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a lens for correcting defective vision of one eye, held in position by the facial muscles



(1) An eyeglass lens, with or without a frame, that is held in the eye socket.

(2) The simplest kind of camera lens, consisting of a single positive meniscus-type lens. It is used predominantly in inexpensive cameras for portrait and landscape photographs. The best image quality is provided by a convex-concave meniscus lens with its convex side facing the photosensitive layer and with a diaphragm located in front of the objective. Monocles have a small aperture ratio (not exceeding 1:8) and a small image angle (not exceeding 25°). A monocle is also called a landscape lens.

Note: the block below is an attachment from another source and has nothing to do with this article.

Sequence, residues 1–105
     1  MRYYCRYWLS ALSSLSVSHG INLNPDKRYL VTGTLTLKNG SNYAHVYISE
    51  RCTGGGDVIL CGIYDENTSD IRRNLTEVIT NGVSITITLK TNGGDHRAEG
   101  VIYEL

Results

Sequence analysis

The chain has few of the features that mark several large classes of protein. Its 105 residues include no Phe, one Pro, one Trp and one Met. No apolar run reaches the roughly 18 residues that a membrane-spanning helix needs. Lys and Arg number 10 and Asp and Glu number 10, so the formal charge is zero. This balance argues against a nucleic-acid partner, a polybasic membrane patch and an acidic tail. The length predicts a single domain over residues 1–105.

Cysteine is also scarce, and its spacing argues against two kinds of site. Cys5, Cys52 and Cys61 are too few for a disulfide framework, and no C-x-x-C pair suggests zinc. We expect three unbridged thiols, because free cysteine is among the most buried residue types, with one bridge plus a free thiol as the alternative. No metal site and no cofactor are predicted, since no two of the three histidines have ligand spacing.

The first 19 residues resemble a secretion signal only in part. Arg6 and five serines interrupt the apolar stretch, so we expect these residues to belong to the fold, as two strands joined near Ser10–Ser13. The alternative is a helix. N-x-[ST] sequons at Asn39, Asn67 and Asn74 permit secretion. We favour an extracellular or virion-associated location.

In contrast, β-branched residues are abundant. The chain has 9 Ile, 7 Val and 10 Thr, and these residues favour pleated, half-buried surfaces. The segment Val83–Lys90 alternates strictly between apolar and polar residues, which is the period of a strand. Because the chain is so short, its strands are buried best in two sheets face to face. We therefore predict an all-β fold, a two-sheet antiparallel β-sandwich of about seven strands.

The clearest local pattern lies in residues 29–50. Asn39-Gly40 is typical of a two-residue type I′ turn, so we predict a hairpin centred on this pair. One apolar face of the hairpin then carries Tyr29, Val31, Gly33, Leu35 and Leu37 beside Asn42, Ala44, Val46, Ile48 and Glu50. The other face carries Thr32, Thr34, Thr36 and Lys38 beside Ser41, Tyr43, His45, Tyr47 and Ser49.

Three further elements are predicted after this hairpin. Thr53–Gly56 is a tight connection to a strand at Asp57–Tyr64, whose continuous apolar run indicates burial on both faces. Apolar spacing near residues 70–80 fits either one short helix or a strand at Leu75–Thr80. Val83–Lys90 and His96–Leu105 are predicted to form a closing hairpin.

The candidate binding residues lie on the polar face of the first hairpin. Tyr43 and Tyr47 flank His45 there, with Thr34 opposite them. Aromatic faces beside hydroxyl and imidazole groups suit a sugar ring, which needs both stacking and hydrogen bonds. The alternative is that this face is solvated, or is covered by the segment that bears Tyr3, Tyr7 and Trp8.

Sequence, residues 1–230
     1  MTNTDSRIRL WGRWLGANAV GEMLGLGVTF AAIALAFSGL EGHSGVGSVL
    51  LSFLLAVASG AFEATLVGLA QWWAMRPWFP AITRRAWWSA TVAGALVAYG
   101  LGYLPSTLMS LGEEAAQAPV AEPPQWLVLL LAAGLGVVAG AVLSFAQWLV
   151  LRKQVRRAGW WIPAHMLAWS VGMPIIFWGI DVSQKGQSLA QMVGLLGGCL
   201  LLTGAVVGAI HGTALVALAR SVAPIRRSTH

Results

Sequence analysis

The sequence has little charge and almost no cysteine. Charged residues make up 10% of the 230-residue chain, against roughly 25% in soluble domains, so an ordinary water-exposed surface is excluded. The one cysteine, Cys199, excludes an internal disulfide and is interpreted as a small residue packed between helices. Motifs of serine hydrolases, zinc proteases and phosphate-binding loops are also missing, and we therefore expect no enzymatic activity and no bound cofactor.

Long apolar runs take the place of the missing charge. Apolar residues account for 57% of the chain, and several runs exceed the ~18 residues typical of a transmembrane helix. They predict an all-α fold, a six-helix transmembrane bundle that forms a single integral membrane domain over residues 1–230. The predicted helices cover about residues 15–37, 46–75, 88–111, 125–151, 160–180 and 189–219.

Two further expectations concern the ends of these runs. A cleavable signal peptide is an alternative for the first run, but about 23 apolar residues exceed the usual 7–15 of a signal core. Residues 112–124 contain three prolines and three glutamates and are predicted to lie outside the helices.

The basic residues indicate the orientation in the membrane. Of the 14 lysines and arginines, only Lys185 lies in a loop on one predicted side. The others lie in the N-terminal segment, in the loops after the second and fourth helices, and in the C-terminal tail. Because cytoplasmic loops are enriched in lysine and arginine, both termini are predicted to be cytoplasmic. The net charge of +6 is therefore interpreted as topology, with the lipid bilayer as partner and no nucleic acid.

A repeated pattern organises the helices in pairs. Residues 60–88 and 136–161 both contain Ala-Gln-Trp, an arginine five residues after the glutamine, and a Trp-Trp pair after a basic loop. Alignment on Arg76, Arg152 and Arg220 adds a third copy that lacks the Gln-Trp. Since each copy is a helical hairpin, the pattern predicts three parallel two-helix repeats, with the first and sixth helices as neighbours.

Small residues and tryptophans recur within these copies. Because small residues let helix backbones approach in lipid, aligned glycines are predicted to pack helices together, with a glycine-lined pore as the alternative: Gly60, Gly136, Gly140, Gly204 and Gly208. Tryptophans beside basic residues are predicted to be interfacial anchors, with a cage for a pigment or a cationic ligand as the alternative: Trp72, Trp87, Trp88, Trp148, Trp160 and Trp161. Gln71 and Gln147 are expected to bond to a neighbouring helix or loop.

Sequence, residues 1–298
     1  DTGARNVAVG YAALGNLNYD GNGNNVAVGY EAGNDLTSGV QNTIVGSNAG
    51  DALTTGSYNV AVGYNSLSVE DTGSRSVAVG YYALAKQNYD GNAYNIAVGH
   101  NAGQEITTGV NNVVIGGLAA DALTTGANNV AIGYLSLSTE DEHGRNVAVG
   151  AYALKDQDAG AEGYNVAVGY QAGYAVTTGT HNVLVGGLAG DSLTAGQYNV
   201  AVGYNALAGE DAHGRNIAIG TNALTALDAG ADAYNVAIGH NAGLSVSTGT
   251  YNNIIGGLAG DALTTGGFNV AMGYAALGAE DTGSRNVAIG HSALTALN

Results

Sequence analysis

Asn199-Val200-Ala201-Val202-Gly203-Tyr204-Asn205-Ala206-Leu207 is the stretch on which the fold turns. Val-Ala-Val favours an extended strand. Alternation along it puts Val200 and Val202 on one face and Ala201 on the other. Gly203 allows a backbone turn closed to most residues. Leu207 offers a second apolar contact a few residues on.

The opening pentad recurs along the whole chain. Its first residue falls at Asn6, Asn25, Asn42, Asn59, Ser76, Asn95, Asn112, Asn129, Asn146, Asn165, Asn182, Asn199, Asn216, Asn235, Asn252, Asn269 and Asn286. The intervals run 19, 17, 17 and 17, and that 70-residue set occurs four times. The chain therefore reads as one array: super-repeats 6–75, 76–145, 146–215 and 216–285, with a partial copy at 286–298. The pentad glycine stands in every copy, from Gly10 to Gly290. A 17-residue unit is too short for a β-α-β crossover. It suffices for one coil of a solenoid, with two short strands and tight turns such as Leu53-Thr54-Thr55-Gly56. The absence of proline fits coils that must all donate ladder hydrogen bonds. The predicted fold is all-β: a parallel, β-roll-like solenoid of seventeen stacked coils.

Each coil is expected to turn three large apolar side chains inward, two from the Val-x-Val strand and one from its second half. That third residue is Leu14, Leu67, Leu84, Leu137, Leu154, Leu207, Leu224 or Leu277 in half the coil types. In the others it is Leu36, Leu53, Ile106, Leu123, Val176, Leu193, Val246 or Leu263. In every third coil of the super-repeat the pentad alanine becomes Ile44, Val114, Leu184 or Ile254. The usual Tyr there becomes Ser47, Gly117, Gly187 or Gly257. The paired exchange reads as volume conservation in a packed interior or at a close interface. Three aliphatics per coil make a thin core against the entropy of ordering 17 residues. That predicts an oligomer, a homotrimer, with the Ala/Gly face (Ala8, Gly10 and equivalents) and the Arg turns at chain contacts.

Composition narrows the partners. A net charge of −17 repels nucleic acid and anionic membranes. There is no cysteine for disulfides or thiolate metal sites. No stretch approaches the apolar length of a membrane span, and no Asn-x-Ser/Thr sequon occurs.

References in periodicals archive ?
examination of Proust's descriptions and dispositions of monocles,
descriptions of monocles, especially the tenor of his figurative
The first reference to monocles occurs in Swann's Way.
Swann the bibeloteur becomes a "collector" of monocles in the
n'etait pas jusqu'aux monocles que beaucoup portaient (et qui,
nothing, down to the monocles which many of them wore (and which
The monocles have previously masked the individuality of his five
masculine identity, including the monocles worn (see Garber 73 and Crane
identity is both marked and constituted by monocles.
Proust portrays monocles being moved, adjusted, or in some
interprets the transgressive act of wearing monocles by women such as
12) The stability of monocles contributes a comic motif throughout